• In patients with DVT/PE but without any cancer, newer anticoagulants like dabigatran, rivaroxaban, apixaban, or edoxaban are recommended over coumadin therapy (Grade 2B). In there is any evidence of cancer, LMWH is recommended over other anticoagulants. 
  • If DVT is provoked by surgery or a transient risk factor, 3 months of anticogulation is recommended over extended therapy (Grade 1B).
  • In patients with acute isolated “distal” DVT of the leg and without severe symptoms or risk factors for extension, we suggest serial imaging of the deep veins for 2 weeks over initial anticoagulation (Grade 2C) . In patients with acute isolated distal DVT of the leg who are managed with serial imaging, we recommend no anticoagulation if the thrombus does not extend (Grade 1B) ; we suggest anticoagulation if the thrombus extends even if it remains confined to the distal veins (Grade 2C) ; 
  • In patients with acute isolated distal DVT of the leg and severe symptoms or risk factors for extension , we suggest initial anticoagulation over serial imaging of the deep veins (Grade 2C) . 
  • In patients with acute DVT of the leg, we recommend early initiation of VKA and continuation of parenteral anticoagulation for a minimum of 5 days and until the international normalized ratio (INR) is 2.0 or above for at least 24 h. 
  • In patients with acute proximal DVT of the leg, we suggest anticoagulant therapy alone over catheter-directed Thrombolysis or systemic thrombolysis or thrombectomy (Grade 2C) . 
  • In patients with acute DVT of the leg, we recommend against the use of an IVC filter in addition to anticoagulants (Grade 1B). 
  • In patients with acute proximal DVT of the leg and contraindication to anticoagulation, we recommend the use of an IVC filter (Grade 1B) . 
  • In patients with acute DVT of the leg, we suggest early ambulation over initial bed rest (Grade 2C). 
  • In patients with an isolated distal DVT of the leg provoked by surgery or by a nonsurgical transient risk factor, we suggest treatment with anticoagulation for 3 months. 
  •  In patients with superficial vein thrombosis of the lower limb of at least 5 cm in length, we suggest the use of a prophylactic dose of fondaparinux or LMWH for 45 days over no anticoagulation (Grade 2B). 
  • For upper extremity DVT involving axillary or more proximal veins, anticoagulation is recommended for 3 months. 
  • In most patients with UE DVT that is associated with a central venous catheter, we suggest that the catheter not be removed if it is functional and there is an ongoing need for the catheter (Grade 2C).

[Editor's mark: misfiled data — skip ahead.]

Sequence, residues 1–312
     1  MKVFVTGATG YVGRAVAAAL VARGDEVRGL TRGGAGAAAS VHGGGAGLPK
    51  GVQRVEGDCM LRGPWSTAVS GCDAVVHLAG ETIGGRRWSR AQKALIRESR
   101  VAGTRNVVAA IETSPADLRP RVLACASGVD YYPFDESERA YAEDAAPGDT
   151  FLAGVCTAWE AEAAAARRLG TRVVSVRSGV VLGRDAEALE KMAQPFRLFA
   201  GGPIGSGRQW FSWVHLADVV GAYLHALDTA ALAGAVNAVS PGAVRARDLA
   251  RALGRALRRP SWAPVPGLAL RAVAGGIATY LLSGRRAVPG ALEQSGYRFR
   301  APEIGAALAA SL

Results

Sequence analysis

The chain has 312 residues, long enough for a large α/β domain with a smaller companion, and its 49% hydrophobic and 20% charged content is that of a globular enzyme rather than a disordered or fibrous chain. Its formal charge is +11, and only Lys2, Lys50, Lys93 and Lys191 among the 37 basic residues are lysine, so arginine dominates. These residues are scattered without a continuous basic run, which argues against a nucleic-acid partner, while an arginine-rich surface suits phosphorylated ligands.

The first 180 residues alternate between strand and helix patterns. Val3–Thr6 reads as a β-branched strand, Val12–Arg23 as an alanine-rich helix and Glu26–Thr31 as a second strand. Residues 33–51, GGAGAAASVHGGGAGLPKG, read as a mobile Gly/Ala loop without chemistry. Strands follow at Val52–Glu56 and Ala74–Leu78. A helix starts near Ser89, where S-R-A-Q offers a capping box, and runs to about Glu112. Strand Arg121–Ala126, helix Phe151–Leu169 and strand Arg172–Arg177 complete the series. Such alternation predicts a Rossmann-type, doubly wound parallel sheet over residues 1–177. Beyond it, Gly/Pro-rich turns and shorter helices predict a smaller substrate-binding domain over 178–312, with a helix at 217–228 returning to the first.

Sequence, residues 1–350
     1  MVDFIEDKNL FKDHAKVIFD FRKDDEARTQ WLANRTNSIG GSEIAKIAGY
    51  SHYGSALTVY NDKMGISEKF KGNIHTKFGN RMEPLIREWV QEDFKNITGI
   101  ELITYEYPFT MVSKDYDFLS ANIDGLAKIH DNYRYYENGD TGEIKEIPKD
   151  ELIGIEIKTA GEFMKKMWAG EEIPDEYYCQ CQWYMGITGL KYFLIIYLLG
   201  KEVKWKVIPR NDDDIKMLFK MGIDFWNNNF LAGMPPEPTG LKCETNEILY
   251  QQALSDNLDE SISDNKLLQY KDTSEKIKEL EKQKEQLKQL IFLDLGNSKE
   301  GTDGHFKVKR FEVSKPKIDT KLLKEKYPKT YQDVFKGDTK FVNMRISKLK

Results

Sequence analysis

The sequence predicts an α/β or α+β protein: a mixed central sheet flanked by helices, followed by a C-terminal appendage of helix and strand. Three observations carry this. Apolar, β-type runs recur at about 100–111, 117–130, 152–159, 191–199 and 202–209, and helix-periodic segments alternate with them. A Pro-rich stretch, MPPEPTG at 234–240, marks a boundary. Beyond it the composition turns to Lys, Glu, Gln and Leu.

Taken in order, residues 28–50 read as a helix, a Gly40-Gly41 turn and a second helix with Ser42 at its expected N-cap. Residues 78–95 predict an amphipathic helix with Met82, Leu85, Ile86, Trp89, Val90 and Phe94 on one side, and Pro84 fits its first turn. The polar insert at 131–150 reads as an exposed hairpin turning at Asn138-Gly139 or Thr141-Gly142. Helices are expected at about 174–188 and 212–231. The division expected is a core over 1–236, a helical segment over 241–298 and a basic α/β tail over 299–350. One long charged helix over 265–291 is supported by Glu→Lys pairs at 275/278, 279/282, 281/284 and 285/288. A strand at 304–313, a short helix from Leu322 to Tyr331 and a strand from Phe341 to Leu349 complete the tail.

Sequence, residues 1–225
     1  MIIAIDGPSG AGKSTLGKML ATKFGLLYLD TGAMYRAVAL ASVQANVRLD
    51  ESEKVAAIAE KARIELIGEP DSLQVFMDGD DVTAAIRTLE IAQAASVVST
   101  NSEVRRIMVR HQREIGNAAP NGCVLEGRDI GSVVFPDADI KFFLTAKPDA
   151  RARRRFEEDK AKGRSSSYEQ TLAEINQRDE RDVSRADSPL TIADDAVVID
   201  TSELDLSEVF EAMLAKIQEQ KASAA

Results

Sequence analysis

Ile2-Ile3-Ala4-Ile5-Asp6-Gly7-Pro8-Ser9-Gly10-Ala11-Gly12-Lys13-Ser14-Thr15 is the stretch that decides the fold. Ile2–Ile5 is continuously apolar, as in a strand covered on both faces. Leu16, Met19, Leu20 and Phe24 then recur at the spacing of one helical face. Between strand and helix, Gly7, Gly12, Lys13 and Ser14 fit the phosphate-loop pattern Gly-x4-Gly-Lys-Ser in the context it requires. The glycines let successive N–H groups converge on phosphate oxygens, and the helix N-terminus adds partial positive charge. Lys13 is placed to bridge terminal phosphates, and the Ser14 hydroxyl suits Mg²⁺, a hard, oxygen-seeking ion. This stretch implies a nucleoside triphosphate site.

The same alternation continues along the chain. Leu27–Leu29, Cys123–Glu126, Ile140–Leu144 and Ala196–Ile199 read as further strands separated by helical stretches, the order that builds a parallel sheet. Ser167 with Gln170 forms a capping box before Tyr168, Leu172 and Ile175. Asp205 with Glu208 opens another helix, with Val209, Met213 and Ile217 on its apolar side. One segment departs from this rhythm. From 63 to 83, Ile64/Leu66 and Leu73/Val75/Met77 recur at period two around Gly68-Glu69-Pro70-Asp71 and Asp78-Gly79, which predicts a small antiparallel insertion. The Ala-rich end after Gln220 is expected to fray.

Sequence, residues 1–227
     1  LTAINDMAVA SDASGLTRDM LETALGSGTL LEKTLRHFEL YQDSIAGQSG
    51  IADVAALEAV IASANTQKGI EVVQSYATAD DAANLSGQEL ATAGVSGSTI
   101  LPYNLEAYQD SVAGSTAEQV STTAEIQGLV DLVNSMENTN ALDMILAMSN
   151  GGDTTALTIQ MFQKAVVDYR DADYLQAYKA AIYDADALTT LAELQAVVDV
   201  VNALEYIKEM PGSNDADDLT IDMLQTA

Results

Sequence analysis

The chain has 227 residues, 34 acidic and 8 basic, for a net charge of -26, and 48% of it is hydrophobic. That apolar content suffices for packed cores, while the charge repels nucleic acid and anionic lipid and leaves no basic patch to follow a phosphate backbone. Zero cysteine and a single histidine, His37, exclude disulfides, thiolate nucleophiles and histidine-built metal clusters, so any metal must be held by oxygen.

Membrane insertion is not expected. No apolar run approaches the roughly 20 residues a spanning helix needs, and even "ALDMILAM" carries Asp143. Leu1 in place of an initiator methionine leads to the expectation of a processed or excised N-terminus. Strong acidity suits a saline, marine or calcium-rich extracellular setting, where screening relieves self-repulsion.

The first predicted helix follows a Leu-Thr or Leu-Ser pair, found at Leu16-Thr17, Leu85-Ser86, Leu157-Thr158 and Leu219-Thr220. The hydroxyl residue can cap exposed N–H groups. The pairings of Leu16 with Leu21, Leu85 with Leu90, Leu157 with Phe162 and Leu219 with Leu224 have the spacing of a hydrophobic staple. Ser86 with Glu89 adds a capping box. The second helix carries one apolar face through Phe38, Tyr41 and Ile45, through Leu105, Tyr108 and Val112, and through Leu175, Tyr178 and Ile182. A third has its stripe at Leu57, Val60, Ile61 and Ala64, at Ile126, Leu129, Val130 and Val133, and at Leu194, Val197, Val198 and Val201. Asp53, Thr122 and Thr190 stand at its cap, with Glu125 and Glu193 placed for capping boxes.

• In patients with symptomatic splanchnic vein thrombosis (portal, mesenteric, and/or splenic vein thromboses), we recommend anticoagulation over no anticoagulation (Grade 1B). In patients with incidentally detected splanchnic vein thrombosis (portal, mesenteric, and/or splenic vein thromboses), we suggest no anticoagulation over anticoagulation (Grade 2C). 
  • In patients with symptomatic or incidental hepatic vein thrombosis, we suggest anticoagulation over no anticoagulation. (Grade 2C) 
  • In malignancy associated DVT, prefer twice daily LMWH instead of once a day regimen.
  • For recurrent DVT inspite of being on anticoagulants, switching to a different anticoagulant is reasonable. 
PE treatment: 
  • In patients with subsegmental PE (no involvement of more proximal pulmonary arteries) with no proximal DVT in the legs and have a low risk for recurrent VTE, clinical surveillance by serial ultrasound is recommended over anticoagulation (Grade 2C) 
  • In patients with acute PE, when a thrombolytic agent is used, we suggest short infusion times (eg, a 2-h infusion) over prolonged infusion times (eg, a 24-h infusion) (Grade 2C) . 
  • In patients with acute PE when a thrombolytic agent is used, systemic thrombolysis through a peripheral vein is recommended over a catheter directed thrombolysis (Grade 2C). 
  • In patients with acute PE associated with hypotension and who have contraindications to thrombolysis or failed thrombolysis, or shock that is likely to cause death before systemic thrombolysis can take effect (eg, within hours), if appropriate expertise and resources are available, we suggest catheter-assisted thrombus removal over no such intervention (Grade 2C) .